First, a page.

by Ben Casselman
Minimum-wage jobs are meant to be the first rung on a career ladder, a chance for entry-level workers to prove themselves before earning a promotion or moving on to other, better-paying jobs. But a growing number of Americans are getting stuck on that first rung for years, if they ever move up at all.
Anthony Kemp is one of them. In 2006, he took a job as a cook at a Kentucky Fried Chicken in Oak Park, Illinois. The job paid the state minimum wage, $6.50 an hour at the time, but Kemp figured he could work his way up.
“Normally, a good cook would make $14, $15, $17 an hour,” Kemp said. “I thought that of course I’d make a better wage.”
He never did; nine years later, the only raises Kemp, 44, has seen have been the ones required by state law. He earns $8.25, the state’s current minimum wage.
Stories like Kemp’s are becoming more common. During the strong labor market of the mid-1990s, only 1 in 5 minimum-wage workers was still earning minimum wage a year later.1 Today, that number is nearly 1 in 3, according to my analysis of government survey data.2 There has been a similar rise in the number of people staying in minimum-wage jobs for three years or longer. (For a more detailed explanation of how I conducted this analysis, see the footnote below.)3
Even those who do get a raise often don’t get much of one: Two-thirds of minimum-wage workers in 2013 were still earning within 10 percent of the minimum wage a year later, up from about half in the 1990s. And two-fifths of Americans earning the minimum wage in 2008 were still in near-minimum-wage jobs five years later, despite the economy steadily improving during much of that time.4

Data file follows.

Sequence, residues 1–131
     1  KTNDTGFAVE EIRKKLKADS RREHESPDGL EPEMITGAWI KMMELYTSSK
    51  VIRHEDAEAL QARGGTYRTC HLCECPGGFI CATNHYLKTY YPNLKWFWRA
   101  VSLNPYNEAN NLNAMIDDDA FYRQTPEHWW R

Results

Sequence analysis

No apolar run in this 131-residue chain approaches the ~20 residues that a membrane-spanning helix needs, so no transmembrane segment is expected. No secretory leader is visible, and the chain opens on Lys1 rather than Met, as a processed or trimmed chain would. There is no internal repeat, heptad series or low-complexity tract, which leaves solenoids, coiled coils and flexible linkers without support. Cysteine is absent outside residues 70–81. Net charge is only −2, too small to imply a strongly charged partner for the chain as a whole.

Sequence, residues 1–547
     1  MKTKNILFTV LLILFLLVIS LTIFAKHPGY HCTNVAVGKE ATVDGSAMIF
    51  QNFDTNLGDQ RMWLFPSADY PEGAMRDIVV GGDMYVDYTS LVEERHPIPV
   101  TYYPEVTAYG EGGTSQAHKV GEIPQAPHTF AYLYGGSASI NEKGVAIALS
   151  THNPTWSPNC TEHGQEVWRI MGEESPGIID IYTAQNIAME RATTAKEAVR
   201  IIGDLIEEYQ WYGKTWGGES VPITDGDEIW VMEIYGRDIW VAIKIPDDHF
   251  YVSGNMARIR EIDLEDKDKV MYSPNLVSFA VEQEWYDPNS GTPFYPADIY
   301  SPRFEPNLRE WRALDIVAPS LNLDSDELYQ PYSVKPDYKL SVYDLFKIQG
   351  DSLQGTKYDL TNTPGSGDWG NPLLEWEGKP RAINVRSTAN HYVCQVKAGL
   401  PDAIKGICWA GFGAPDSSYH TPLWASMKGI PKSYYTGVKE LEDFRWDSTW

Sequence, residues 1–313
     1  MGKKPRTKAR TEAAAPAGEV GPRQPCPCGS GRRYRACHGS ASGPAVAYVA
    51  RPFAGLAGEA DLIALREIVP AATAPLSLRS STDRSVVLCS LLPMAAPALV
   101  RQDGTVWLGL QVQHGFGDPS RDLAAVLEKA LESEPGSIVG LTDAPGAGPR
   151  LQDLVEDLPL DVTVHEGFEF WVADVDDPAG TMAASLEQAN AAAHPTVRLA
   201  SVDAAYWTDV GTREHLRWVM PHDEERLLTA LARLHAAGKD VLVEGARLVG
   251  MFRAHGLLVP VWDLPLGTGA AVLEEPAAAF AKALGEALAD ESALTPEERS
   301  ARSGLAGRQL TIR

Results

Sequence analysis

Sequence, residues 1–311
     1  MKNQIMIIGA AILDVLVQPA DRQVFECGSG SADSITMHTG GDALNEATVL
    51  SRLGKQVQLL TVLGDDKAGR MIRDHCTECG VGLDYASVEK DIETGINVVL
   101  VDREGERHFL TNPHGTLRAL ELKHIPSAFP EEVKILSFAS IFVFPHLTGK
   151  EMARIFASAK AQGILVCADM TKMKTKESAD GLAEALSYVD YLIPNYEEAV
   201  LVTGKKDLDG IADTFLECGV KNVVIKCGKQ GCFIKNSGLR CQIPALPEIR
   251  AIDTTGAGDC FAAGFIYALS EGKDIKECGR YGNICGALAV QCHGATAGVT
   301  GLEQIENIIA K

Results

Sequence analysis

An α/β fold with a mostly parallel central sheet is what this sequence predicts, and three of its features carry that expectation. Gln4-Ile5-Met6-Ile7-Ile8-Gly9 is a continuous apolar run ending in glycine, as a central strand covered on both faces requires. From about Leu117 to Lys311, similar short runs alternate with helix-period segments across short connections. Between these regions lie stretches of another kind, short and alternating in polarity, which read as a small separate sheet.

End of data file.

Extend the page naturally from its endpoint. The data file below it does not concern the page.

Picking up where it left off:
The trend partly reflects the recession and slow recovery, which has broughtweak wage growth for nearly all workers. But it also likely reflects longer-run shifts in the economy that have eroded workers’ bargaining power, particularly for the less-educated. That sense of stagnation may be part of what is fueling the nationwide push for a higher minimum wage, which hasgained significant momentum in recent years. Voters in five states, including Illinois, approved minimum-wage increases last November,5 and several cities, including Seattle, San Francisco and Los Angeles, have passed significant wage hikes. Kemp has joined fast-food workers across the country in demonstrations demanding higher pay as part of the union-backed “Fight for $15” movement.6
Read the full article from FiveThirtyEight.